Should I Switch Careers?

There are many reasons why someone might feel the urge to dive into a new career, but there are some considerations to make to ensure this is the most beneficial move before committing to making the change. 

Firstly, it’s important to consider whether you need a whole new career or whether you’d be happy just taking an alternative job. To do this, establish what it is that’s causing a desire for change. Is it the place in which you work, the people you work with, or the role itself?

If you feel that you’d be happy doing your job in another place or with different people, you might not need an entire career change but may just need to find a similar position elsewhere.

Alternatively, if you feel that your job will always make you feel unsatisfied or unhappy, no matter where you work or who you’re working with, it’s likely that a career change would be the right move to improve your professional life. 

Below are 5 signs that indicate you may need a career change: 

Feeling constantly stressed, tired, or anxious

If you end every working day feeling exhausted and unhappy, you’re not alone. However this is a strong sign that you may not be doing the right thing for you professionally. 

Career dissatisfaction often displays itself as mental and/or physical exhaustion, and signs of burnout should not be disregarded.

Your career should be rewarding and fulfilling, and certainly not be detrimental to your wellbeing.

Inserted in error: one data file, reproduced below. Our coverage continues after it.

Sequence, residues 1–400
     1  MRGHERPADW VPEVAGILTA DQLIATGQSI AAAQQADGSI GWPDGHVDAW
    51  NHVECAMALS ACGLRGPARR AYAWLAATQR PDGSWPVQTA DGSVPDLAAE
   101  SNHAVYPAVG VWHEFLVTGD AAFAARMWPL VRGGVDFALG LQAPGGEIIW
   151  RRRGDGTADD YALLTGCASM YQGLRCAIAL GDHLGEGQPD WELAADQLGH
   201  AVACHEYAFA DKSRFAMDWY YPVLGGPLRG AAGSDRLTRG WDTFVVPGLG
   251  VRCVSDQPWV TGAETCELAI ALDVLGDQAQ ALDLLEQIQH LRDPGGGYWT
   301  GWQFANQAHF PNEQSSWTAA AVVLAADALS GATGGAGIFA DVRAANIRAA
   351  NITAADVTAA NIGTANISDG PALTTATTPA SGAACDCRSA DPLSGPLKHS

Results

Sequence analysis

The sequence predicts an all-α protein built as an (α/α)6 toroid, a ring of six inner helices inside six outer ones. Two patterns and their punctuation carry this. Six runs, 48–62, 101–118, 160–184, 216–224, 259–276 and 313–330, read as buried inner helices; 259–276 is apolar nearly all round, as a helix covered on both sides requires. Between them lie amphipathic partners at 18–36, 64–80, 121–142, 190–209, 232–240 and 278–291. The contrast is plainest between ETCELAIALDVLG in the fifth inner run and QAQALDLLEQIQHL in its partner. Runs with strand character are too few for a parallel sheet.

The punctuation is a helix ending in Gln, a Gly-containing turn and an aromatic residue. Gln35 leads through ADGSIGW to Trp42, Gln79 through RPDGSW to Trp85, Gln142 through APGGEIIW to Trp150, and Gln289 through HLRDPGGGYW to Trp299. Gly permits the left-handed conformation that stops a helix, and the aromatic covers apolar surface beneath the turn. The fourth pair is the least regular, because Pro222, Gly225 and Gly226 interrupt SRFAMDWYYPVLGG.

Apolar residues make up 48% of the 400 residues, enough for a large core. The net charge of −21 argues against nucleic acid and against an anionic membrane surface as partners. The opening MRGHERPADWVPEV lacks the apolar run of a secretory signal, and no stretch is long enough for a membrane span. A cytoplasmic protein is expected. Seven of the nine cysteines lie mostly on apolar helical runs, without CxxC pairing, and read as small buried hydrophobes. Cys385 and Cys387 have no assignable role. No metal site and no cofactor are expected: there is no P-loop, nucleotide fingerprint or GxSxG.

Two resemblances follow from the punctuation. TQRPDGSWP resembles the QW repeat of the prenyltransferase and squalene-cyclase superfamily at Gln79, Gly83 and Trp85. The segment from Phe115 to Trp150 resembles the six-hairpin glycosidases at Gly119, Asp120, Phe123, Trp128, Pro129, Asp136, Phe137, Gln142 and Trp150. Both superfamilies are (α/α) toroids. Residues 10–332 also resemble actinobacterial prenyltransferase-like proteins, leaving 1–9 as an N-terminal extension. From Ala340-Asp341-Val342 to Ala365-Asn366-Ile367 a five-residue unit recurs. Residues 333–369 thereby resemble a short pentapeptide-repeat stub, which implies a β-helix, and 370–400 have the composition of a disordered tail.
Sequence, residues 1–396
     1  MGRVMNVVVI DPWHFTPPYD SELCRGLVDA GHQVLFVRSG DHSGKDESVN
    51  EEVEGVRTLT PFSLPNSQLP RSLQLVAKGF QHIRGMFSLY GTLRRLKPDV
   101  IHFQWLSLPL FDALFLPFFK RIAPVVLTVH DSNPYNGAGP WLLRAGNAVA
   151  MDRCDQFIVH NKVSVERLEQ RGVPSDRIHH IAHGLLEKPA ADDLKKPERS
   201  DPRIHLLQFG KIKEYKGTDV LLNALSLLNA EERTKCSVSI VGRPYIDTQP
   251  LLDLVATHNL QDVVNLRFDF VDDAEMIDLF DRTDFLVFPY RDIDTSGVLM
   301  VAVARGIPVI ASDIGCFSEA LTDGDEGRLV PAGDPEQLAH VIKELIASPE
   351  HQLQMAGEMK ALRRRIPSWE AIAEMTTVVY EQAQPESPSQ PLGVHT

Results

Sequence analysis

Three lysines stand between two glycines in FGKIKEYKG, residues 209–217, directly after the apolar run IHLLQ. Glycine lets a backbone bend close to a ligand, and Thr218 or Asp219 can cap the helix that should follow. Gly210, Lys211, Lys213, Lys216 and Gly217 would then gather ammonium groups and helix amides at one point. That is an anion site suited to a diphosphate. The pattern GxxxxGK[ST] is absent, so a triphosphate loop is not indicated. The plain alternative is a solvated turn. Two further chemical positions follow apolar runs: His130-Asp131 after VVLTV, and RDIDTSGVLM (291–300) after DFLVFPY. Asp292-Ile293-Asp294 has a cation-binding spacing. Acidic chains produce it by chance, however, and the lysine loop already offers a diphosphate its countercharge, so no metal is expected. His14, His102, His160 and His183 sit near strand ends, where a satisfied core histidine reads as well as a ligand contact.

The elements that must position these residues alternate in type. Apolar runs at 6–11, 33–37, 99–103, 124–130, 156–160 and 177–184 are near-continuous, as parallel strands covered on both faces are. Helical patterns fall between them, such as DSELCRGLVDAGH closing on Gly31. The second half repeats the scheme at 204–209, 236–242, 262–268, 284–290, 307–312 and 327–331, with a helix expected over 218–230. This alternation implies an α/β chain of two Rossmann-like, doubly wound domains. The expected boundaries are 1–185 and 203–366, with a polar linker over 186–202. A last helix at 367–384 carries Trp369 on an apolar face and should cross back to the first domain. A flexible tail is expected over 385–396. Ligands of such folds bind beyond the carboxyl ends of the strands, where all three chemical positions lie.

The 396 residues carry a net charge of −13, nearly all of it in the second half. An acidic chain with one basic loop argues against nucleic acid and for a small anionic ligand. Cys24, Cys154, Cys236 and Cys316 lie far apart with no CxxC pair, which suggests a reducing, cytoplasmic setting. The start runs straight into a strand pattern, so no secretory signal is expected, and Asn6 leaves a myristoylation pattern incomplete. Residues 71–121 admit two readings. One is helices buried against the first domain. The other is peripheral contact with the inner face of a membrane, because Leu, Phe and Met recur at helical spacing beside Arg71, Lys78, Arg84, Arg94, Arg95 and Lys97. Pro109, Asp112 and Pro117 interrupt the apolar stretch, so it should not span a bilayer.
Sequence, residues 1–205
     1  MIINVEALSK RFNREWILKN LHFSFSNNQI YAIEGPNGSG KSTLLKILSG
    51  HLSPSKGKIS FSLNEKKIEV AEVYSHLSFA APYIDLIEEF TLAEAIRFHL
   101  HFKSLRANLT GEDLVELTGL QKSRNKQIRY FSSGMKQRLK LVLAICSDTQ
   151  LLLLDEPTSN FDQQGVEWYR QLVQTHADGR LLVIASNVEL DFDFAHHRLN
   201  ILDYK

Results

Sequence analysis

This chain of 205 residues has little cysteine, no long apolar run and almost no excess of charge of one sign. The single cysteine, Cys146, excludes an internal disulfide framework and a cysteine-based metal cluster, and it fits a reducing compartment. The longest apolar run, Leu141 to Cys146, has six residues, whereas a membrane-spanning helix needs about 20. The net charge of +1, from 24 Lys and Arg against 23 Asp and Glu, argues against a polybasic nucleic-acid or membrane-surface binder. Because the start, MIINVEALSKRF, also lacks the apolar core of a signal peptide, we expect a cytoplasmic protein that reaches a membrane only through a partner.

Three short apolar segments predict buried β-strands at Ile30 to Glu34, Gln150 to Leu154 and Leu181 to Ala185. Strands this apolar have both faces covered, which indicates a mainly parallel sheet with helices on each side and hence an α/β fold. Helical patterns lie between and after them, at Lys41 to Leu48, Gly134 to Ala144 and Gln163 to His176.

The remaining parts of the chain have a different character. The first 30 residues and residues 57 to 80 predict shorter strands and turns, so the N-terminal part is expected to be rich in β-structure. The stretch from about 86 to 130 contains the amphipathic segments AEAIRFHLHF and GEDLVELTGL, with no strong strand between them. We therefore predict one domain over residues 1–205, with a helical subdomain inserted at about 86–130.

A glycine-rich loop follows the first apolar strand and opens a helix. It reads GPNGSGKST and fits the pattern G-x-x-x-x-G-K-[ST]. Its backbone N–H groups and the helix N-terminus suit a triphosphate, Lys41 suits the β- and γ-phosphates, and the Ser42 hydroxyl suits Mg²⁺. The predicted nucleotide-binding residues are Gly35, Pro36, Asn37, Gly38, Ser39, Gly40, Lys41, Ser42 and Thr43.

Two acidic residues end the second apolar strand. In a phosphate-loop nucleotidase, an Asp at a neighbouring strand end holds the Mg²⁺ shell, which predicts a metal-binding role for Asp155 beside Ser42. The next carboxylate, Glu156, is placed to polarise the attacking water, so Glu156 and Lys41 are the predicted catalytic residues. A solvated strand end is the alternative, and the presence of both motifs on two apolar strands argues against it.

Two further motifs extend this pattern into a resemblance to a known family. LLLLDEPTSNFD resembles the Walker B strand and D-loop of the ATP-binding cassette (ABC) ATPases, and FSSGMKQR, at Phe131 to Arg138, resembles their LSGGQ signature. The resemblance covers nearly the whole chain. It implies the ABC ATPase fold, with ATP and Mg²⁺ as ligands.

You’re no longer learning or growing

If you’re no longer feeling challenged at work, or feel that you’re not developing your knowledge or skill set in your current role, this is a sign that you may have outgrown your current position. 

Workers who have stopped growing tend to lack motivation and, therefore, feel dissatisfied. Thus, if you feel like you’re simply coasting through your role and repeating the same mundane tasks each day, it may be time for a change to a career that will offer you more development opportunities and challenges that can provide a sense of accomplishment. 

Your values don’t align with the company or industry you’re in

Working somewhere that doesn’t reflect your personal values or long-term goals can only lead to negative feelings such as frustration. Additionally, this can cause a disruptive worklife, as you may feel the need to challenge your superiors or colleagues which can lead to professional conflict. 

Having to operate in ways that are counter to your beliefs and your instinctive behaviour is likely to be exhausting and will almost certainly cause dissatisfaction. Thus, it may be time to change careers to something more closely aligned with your core values. 

You’re jealous of other people’s careers

Being envious of the careers of those around you is a clear sign that you’re no longer satisfied with your own professional life. If you’re jealous of other people’s careers, then they must have something that you desire or yearn for in your own work. Jealousy can easily lead to resentment, which is likely to affect your professional relationships and the quality of your work.

It can be useful to identify which aspects of others’ careers it is that you envy most; is it their salary, working hours, core tasks or company culture? Determining what you are jealous of will help to establish which careers might be better suited for you to pursue.

You don’t feel that you’re making an impact